Meeting between Richard McCoy & Laura Johnston,
Sept 2, 1977

[Editor’s note: This document appears at both A-1-a – 1-b and at P-1-C-10a – 10b. The second copy is more legible than the first.]


Meeting with Mr. McCoy from the US embassy on [Handwriting: “2”; “August” is crossed out] Sept. 1977—

Laura Johnston

Issue- McCoy wanted to meet with me because my “mom” had written to the US Ambassador to Guyana and asked what was going on with me, and would they check on my health, general wellbeing.

McCoy’s statements:

If there was an unofficial inquiry about someonw [someone] with PT in Guyana, He’d call the Georgetown office to confirm that they live here.

If there was an official inquiry from the Washington office, then he’ll have to visit the person himself.

He recommended in his reprot [report] to Washington that he visit every 6 months, since so many US citizens are there, and plans for his next trip in February, ’78.

He said that he was very impressed with the hard work that has been done there, but that it isn’t the life for him. He said that it was too isolated– he couldn’t jump in a car •and move around if there, and on the other hand, there-was-tee— he couldn’t do his own thing there. He said that he is comfortable, and didn’t like privations, tho he has been through some, like the marines for 4 years, and the Korean war, and he has chosen Guyana because he can work as a free agent here, in his own office and doing things his way– not like some of the big embassies which have alot of supervision. He said that the US almost broke relations with Guyana last October, and he was the Charge ‘de [Charge d’] Affairs, and at that time was tied to his desk. His predeccesor [predecessor] had had some problem, and he had been training 2 other staff, and he hadn’t been able to visit when he would have liked to.

He said that the custody problems and the inquiry problems would continue, because for a group getting started in Guyana, not in the well-known parts of the world, parents got alarmed over not having more information. He said that Jim [Jones] may or may not lose over the custody of John Stoen.

From McCoy to JIM—-McCoy told Washingon that he had visited, and that he was impressed with Jonestown. He wrote then that everyone was free to come and go. People were happy healthy and that even in his short visit, he saw that no one was fearful, and there were no armed guards. He wrote that much work had been done in 3 years, and that altho he couldn’t know everything in just 2 ½ hrs., none were ther involuntarily. Everything was in the open. He wrote tthat everyone was free to come and go, as with [Leon] Broussard, who went to Port Kaituma, to Matthews Ridge, and then into Georgetown, and is now awaiting travel arrangements home( In other words, he didn’t know that Leon had left already.) He said that he couldn’t state categorically that no one was beaten, but his own observations show that he couldn’t categorically say that they were. THIS WAS HIS REPORT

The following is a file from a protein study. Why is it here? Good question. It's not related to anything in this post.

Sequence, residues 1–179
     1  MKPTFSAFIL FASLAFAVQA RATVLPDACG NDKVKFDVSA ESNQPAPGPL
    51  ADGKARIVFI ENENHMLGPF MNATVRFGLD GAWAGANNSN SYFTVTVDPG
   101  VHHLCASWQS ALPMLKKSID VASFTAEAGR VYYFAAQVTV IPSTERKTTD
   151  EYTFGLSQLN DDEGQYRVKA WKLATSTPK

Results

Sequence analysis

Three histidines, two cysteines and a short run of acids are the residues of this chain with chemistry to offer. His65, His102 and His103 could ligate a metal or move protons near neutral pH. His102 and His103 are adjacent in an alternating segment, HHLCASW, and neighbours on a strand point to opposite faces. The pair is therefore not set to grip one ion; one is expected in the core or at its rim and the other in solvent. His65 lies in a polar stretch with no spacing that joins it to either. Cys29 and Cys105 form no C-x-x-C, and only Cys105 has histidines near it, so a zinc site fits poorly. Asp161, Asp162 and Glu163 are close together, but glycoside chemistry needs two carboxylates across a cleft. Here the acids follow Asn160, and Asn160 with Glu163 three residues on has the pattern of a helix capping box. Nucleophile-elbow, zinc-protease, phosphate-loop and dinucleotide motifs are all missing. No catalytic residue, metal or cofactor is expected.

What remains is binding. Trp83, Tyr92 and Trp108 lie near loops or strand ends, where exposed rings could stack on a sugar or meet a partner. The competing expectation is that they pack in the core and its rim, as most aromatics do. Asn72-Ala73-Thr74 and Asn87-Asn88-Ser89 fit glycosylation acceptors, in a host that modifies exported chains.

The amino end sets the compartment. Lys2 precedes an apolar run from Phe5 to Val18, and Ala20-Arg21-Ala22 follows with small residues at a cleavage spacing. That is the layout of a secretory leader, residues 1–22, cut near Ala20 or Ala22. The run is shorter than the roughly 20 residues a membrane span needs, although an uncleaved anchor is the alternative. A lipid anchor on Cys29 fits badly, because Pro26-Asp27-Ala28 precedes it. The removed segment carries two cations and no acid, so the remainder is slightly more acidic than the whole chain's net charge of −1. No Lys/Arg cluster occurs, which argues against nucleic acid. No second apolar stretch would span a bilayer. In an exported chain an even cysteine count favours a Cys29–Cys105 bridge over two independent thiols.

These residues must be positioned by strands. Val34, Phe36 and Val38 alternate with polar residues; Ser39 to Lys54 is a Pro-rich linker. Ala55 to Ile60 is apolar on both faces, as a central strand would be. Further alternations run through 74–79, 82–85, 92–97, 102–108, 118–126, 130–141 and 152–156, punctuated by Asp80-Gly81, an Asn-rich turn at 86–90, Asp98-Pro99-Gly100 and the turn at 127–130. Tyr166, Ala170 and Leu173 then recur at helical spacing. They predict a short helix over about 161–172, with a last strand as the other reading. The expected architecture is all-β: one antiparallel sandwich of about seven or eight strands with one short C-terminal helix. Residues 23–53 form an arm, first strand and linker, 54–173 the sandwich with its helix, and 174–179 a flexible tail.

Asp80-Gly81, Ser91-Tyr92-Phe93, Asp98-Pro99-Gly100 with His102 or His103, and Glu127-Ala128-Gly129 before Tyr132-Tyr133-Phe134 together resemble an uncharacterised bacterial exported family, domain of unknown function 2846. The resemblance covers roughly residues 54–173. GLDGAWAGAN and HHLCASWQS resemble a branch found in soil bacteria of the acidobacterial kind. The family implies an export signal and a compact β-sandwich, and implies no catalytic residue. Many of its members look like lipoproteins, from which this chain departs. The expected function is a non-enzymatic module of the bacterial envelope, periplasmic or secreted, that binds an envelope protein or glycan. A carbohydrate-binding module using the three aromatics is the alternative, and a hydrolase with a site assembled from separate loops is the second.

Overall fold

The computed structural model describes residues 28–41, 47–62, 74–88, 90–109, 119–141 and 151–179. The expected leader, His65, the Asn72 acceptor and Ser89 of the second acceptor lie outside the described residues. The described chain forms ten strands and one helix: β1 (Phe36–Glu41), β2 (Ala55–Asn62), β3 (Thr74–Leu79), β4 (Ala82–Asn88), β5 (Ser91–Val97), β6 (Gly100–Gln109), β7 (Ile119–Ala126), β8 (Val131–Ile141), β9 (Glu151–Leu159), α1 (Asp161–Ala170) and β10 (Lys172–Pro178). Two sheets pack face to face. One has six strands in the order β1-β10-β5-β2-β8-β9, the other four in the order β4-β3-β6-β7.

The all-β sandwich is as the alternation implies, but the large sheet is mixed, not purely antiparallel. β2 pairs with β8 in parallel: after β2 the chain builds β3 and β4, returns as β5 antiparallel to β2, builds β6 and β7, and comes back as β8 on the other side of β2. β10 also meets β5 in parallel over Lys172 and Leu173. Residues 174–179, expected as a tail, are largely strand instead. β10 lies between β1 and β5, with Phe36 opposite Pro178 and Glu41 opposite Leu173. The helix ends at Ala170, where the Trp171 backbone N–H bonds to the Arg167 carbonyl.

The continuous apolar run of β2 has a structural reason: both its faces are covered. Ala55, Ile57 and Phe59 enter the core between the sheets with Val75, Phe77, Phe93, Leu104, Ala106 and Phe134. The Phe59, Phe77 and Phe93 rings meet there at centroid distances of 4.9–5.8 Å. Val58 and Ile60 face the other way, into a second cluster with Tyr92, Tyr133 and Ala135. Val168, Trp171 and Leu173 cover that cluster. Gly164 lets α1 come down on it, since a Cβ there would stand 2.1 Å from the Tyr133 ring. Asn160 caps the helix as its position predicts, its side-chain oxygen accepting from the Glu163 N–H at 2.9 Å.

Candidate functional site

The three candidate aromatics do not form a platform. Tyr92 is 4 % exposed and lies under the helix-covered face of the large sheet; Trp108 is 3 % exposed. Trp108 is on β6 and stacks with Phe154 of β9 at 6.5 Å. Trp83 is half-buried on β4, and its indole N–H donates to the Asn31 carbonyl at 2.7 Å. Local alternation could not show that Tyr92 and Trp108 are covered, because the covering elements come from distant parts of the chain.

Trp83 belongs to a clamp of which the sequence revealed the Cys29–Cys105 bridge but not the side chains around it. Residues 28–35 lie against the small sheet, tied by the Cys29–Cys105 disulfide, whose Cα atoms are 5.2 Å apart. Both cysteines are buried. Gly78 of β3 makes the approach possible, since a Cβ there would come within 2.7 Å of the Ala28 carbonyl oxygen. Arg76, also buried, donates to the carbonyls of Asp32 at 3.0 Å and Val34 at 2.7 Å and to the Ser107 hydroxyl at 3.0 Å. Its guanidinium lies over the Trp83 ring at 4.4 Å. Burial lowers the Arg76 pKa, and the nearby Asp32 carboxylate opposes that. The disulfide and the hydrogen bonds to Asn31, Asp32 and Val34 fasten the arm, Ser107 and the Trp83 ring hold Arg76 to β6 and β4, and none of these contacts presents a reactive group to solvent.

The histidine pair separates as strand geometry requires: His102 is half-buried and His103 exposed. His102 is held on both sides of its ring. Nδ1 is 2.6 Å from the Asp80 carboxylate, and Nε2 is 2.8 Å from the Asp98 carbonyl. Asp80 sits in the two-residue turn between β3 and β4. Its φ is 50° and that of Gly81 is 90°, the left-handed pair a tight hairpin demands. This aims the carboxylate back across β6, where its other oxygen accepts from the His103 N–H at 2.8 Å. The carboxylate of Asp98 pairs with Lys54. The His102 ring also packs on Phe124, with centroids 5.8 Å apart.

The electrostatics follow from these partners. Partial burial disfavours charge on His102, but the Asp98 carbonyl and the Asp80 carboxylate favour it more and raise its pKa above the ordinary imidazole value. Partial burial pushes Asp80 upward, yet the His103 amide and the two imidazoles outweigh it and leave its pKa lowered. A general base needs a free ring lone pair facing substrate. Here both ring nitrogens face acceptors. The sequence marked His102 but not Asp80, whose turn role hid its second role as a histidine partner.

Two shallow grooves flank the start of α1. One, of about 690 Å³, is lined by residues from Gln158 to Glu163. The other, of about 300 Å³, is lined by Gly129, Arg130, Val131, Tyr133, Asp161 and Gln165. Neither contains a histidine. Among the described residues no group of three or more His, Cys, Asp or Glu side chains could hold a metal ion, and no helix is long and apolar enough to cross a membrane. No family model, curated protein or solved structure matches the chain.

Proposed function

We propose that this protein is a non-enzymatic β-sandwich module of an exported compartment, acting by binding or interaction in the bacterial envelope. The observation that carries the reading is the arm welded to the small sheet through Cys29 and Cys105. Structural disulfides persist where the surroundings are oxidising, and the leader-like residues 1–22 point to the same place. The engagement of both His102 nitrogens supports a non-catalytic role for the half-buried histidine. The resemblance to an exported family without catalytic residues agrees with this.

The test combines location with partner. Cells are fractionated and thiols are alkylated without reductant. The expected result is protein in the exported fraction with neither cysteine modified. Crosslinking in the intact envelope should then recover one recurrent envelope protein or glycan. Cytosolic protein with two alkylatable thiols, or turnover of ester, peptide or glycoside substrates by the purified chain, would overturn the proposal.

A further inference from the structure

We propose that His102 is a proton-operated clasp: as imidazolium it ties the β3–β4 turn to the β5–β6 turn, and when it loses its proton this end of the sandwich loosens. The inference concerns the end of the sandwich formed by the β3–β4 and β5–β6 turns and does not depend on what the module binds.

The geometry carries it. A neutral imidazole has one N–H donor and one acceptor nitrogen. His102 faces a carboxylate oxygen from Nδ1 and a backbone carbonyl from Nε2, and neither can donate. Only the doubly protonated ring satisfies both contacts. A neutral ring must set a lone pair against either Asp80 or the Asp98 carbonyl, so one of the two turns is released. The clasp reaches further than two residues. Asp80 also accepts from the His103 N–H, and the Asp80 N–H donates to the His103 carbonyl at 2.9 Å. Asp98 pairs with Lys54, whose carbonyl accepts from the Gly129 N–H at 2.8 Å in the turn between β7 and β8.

He said that in with his regular visits every 6 mos. he’d take care of registering babies (must be done *ith in the first 5 years ofage), of seeing personally those getting social security– requirement that they be seen yearly; and he’ll notify us ahead of time when he plans to visit so we can organize that part. Also, we must notify him of any deaths.

He has 7000 applications for visas to US, out af a country of 88000- 10% he pointed out.



He said that he asked Carolyn Looman if she wanted to go, when they were in private, and he had his vehicle right there, and she said no. He said that he included this in a report.

He said that the Embassy could be helpful to us if we had a medical emergency and needed GDF to get someone out, or if someone had an emergency in the US that they had to go back for, or if someone had to go to Trinidad for a medical problem, etc. He said that the Embassy didn’t just look into people’s lives, that it would be helpful.

He said that Jim was very, very upset about the custody contacts, and the inquiries, and said that McCoy’s own feelings were that he wouldn’t investigate custody unless officially asked to because he felt that if we were able to get passports for the children, that obviously the parents had participated in that.

He said that if a lawyer, or a private investigator asked him to extradite someone on a charge, or for investigation, he would not, only if an “official court” sent him word would he turn the matter into the Guyanese officials for returning a person to the US.

A man from the US has called him, and talked to him since he’s returned fromfrom J/tn. When McCoy told him that he’d been impressed, the man didn’t want to hear that. He said that the man had given him a list of names, he couldn’t place the letter right then, but he wasnt’ too worried about it, of children that were problem with custody. He said that he’d told the man his honest opinion.

McCoy said that he didn’t like J/tn for himself because he didn’t like cooperative living for himself. [Crossed out “He”]

He mentioned Joyce [Parks] several times- not by her name, but as the medical practitioner. He mentioned in the context of the help the embassy could be– that he’d noticed alot of seniors there, and also alot of children.